"Íslendingar eru eftirbátar annarra landa þegar kemur að reglum og stöðlum er varða kröfur um heilsufar og líkamsburði sjómanna. Þetta skýtur skökku við þar sem Íslendingar hafa jafnan talið sig mjög framarlega hvað varðar sjósókn og veiðar".
Í Fiskifréttum þann 18. desember 2014 er ýtarleg umfjöllun um þessi mál, þar sem Guðni Arinbjarnar Sjómannalæknir og Svanlaug Inga Skúladóttir hjúkrunarfræðingur hjá Sjómannaheilsu ræða þessi málefni og tala um nýja alþjóða reglugerð á þessu sviði sem kveður m.a. á um að allir sjómenn skuli gangast undir ítarlega læknisskoðun áður en þeir eru ráðnir í áhöfn skipa.
Hér er hægt að skoða greinina:
"Læknisskoðun sjófarenda verði ófrávíkjanleg regla"
Janúar 2015 Guðni Arinbjarnar
Influensu - bólusetningar 2018
en opnir tímar verða eins og hér segir:
Opnir tímar í bólusetningar í haust.
Við viljum biðja starfsmannastjóra - og skipstjóra um að koma þessum upplýsingum til sjómanna á skipunum og þeirra sem eru í landi.
Ef þið komist ekki í bólusetningu þegar við komum á starfsstöðina ykkar þá eruð þið velkomin í opna tíma sem eru sem hér segir.
Kópavogur: Holtasmári 1 - 7. hæð (Læknaráð)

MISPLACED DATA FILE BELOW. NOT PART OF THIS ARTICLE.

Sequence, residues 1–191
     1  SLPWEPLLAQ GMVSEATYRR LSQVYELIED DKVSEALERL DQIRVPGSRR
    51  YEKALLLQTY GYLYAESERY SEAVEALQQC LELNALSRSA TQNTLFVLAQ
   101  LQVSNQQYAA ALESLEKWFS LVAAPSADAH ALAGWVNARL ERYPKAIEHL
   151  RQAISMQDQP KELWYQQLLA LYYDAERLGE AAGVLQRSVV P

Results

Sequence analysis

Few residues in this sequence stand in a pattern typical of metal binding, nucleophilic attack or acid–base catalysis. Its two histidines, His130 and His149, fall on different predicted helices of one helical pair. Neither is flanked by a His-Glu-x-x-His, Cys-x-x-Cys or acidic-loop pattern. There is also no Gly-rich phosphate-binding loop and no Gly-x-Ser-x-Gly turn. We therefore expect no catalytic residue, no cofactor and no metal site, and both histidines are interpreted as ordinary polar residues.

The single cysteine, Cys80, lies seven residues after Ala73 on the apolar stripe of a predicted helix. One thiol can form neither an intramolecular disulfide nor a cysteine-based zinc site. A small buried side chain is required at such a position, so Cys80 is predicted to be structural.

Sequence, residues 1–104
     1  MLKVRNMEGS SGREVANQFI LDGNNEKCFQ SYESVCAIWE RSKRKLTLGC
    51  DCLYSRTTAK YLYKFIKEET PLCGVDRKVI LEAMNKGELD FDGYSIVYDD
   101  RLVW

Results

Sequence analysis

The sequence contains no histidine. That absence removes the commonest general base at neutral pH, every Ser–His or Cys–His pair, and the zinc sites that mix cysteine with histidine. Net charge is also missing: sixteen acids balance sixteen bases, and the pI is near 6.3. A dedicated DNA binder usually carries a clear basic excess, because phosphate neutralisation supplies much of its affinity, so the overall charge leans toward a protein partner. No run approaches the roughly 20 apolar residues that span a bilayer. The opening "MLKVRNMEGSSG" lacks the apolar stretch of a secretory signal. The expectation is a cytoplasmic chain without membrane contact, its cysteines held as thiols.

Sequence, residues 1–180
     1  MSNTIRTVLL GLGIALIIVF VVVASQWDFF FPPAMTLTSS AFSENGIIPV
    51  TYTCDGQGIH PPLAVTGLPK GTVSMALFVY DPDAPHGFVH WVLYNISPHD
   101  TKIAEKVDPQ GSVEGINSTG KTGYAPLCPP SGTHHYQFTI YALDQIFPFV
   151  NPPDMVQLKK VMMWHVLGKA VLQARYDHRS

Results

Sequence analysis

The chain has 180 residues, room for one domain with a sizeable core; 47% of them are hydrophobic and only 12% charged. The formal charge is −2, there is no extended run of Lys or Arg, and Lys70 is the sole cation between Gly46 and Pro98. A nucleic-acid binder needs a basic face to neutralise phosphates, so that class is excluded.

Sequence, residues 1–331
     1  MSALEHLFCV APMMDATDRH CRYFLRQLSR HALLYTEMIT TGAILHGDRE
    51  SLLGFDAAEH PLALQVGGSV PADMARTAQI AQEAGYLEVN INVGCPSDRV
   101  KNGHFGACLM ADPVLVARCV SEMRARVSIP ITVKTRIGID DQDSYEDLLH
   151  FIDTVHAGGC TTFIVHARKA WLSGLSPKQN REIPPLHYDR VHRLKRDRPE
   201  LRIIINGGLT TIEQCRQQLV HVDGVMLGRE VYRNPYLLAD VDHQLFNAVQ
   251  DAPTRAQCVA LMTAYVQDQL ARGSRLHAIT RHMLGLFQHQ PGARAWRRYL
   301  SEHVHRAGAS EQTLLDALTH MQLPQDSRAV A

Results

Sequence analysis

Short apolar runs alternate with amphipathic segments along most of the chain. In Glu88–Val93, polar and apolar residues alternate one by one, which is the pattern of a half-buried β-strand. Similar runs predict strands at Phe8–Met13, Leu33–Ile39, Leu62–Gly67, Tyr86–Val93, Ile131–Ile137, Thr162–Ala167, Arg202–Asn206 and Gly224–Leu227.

- Mánudaginn 1. Október klukkan 13.00 - 14.00
- Fimmtudaginn 4. Október klukkan 13.00 - 14.00
- Mánudaginn 8. Október klukkan 10.30.- 11.00
- Miðvikudaginn 17. Október klukkan 09.00 - 09.30
Akranes - á kaffistofu 2 hæð í Skipaverkstæði
- Þriðjudaginn 25. September klukkan 15.00 - 15.45
Akureyri: Læknstofur Akureyrar - Glerártorg 2 hæð
- Fimmtudaginn 27. September klukkan 12.30 - 13.00
- Þriðjudaginn 2. Október klukkan12.30 - 13.00
- Fimmtudaginn 11. Október klukkan 10.00 - 10.30
- Miðvikudaginn 31. Október klukkan 12.30 - 13.00
Ef starfsfólk kemst ekki í neitt af þessum tímum - þá verið í sambandi við undirritaða.
Kópavogur ágúst 2013
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Hér geti þið lesið ykkur til um TELEMEDICINE - fjarlækningar
- Við hjá Akkilles / sjómannaheilsu höfum verið að kynna okkur Telemedicine eða ráðgjöf um heilsufarsvandamál til yfirmanna skipa. Alltaf hefur verið eitthvað um ráðgjöf til skipstjóra og annarra yfirmanna en nú viljum við fara að gera betur og hafa ákveðna verkferla um þessa ráðgjöf og góða skráningu.